Sustainable food

Written evidence submitted by the British Poultry Council

Summary points

1. Poultry meat is the most environmentally efficient of all meat proteins.

2. Improvements in poultry production yields and efficiency have resulted in major environmental benefits and reduced some land use change impacts.

3. Poultry meat consumption contributes just 1% of total UK greenhouse gas emissions.

4. Soybean meal is the most nutritionally and environmentally efficient protein crop for inclusion in poultry feed and other livestock feeds globally.

5. Most alternative protein crops that could be grown in UK contain more significant anti-nutritional factors that severely limits the proportion that could be included in poultry feed in place of soybean meal.

6. Criticism of UK imports of soybean meal confuses UK food self-sufficiency with sustainability of UK food.

7. Cattle-ranching is the major driver of deforestation of the Amazon and of attendant land use change impacts, though Brazilian soybean crops are implicated.

8. Responsible sourcing initiatives for soybean meal from Brazil are working.

9. More sustainable food requires greater environmental productivity in food outputs, from better knowledge transfer and new science.

10. More sustainable consumption requires consumers who are better informed about environmentally efficient and less resource intensive meats and other foods.

11. Producers, processors, retailers and consumers need to recognise and reduce waste at ever stage of the food chain.


1. The British Poultry Council (BPC) is a voluntary trade association representing the whole UK poultry meat chain from primary breeding through to slaughter and further processing. BPC member companies are responsible for slaughtering and processing over 90% of all chickens, turkeys, ducks, and geese farmed in the UK. These poultry are reared either on member companies’ own farms or by farmers contracted directly with the companies.

2. The scope of this Enquiry is wide and the subject is complex. It has been the subject of some very authoritative independent and objective scientific studies and reports in recent years. Some other publications that have been fed into this great discussion have been less objective, resting more on emotional appeals than on scientific rigor and have often confused UK self-sufficiency in food supply with sustainable food production.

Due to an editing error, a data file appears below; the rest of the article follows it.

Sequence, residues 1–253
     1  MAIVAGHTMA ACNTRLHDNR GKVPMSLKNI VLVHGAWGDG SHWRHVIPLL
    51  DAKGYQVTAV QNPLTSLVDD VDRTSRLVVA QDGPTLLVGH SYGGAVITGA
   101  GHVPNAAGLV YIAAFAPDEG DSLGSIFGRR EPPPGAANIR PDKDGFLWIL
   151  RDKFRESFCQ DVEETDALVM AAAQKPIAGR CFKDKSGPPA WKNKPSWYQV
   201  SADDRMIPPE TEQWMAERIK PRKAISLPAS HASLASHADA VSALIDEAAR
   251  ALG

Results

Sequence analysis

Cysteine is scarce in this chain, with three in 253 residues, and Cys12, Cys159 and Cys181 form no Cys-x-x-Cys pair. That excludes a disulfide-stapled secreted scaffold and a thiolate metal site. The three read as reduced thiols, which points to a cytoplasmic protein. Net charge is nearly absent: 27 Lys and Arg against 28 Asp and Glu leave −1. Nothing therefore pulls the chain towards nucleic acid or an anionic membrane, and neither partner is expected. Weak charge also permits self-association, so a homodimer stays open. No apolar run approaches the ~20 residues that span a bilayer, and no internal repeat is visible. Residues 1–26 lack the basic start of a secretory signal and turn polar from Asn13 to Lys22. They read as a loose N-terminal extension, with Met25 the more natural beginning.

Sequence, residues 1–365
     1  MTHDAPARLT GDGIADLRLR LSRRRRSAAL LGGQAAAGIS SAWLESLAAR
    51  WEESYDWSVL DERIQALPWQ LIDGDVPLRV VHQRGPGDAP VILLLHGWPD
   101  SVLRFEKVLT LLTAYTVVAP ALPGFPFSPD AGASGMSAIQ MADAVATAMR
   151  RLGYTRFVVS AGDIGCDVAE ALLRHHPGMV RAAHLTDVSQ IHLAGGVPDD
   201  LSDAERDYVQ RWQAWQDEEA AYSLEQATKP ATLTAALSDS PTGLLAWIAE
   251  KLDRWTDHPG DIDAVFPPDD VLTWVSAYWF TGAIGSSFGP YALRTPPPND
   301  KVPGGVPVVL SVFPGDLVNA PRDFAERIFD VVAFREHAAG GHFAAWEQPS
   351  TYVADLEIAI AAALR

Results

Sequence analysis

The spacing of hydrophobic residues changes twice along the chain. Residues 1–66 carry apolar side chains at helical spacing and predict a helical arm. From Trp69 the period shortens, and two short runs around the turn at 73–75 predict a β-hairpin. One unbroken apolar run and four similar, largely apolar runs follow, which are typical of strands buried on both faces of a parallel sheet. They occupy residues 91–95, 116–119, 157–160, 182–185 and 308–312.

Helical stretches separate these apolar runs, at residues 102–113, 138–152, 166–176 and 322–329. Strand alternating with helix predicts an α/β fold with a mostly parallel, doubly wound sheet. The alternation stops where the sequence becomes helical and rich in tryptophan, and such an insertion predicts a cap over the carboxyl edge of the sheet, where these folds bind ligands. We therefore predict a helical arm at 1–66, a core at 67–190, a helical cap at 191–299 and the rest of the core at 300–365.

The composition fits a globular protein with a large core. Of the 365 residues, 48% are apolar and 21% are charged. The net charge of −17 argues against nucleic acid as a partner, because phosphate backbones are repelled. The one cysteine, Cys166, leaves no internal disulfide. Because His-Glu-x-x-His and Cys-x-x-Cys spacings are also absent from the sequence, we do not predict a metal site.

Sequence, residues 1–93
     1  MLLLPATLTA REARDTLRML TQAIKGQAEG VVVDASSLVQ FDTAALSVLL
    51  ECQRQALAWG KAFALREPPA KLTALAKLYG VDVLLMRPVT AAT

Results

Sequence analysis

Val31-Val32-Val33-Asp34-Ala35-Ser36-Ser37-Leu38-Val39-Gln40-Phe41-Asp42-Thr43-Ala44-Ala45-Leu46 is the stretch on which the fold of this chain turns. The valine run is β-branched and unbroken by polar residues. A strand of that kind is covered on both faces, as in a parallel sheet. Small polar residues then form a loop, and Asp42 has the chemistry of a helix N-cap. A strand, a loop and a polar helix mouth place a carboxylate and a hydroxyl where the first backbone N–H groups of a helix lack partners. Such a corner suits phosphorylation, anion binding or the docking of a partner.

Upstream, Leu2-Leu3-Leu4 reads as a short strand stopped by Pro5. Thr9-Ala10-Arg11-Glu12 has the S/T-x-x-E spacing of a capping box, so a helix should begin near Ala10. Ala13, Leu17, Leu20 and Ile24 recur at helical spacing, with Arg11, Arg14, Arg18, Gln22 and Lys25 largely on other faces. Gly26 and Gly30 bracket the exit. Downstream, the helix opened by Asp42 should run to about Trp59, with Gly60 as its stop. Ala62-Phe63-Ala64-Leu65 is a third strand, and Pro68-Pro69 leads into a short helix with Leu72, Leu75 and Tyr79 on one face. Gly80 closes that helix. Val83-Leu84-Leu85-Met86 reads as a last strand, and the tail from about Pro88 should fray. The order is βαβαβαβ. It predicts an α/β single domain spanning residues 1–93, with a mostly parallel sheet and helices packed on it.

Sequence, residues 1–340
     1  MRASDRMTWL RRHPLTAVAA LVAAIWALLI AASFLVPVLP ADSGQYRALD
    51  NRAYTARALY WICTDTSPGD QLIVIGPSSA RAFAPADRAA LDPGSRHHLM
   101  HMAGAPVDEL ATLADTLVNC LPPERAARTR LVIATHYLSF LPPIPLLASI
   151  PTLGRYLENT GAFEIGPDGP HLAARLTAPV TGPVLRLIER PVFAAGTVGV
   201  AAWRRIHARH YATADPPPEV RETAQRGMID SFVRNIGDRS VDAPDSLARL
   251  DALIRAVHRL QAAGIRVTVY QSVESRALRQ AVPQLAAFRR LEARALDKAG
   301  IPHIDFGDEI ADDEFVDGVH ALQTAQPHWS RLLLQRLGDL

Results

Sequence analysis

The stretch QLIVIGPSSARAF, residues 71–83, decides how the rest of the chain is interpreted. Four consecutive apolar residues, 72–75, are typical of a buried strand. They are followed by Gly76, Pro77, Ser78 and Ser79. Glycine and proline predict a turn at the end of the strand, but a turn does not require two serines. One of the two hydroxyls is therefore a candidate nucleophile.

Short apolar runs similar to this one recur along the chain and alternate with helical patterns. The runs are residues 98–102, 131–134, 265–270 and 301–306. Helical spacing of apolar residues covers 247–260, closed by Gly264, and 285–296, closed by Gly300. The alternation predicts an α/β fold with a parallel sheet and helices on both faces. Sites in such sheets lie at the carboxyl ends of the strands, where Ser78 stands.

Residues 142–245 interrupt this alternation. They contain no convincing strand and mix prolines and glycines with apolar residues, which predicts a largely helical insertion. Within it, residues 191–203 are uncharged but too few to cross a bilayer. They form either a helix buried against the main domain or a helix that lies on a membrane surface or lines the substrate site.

3. This submission concentrates on the aspects of the discussion that mainly relate to poultry meat production and consumption in the UK.

Environmental impact of UK Poultry meat sector

4. Life Cycle Analysis (LCA) addresses the environmental aspects and potential environmental impacts throughout a product’s life cycle from raw material acquisition through production, use, end-of-life treatment, recycling and final disposal (i.e. cradle to grave) 1 LCA may also be "cradle to gate" measurements.

5. The environmental burdens and resource use in the production of livestock products in the UK as measured by LCA show that poultry (chicken) meat production is the most environmentally efficient with beef the least efficient.2 The reasons for this are the productivity of the breeding stock with a parent hen producing around 150 chicks per year, very efficient conversion of feed into live-weight, and higher relative daily weight gain in chicken compared with other livestock species. These benefits have been achieved by improved genetics through selective breeding for production as well as well health and welfare traits, improved understanding of the nutritional needs of the birds, continual investment in housing and equipment, and in the training of stockmen.